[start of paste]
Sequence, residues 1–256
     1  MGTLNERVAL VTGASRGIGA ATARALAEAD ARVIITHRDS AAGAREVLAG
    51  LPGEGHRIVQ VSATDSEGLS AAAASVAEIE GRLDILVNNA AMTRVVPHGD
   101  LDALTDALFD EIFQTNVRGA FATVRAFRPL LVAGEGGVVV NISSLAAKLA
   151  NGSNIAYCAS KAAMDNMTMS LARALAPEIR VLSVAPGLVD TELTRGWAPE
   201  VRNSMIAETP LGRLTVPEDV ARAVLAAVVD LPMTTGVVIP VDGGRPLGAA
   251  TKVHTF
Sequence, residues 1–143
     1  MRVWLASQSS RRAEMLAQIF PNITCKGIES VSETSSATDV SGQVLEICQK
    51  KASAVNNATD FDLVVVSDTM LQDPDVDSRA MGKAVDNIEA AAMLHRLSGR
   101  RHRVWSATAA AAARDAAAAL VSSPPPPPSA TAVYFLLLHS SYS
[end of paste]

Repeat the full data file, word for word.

Sequence, residues 1–256
     1  MGTLNERVAL VTGASRGIGA ATARALAEAD ARVIITHRDS AAGAREVLAG
    51  LPGEGHRIVQ VSATDSEGLS AAAASVAEIE GRLDILVNNA AMTRVVPHGD
   101  LDALTDALFD EIFQTNVRGA FATVRAFRPL LVAGEGGVVV NISSLAAKLA
   151  NGSNIAYCAS KAAMDNMTMS LARALAPEIR VLSVAPGLVD TELTRGWAPE
   201  VRNSMIAETP LGRLTVPEDV ARAVLAAVVD LPMTTGVVIP VDGGRPLGAA
   251  TKVHTF
Sequence, residues 1–143
     1  MRVWLASQSS RRAEMLAQIF PNITCKGIES VSETSSATDV SGQVLEICQK
    51  KASAVNNATD FDLVVVSDTM LQDPDVDSRA MGKAVDNIEA AAMLHRLSGR
   101  RHRVWSATAA AAARDAAAAL VSSPPPPPSA TAVYFLLLHS SYS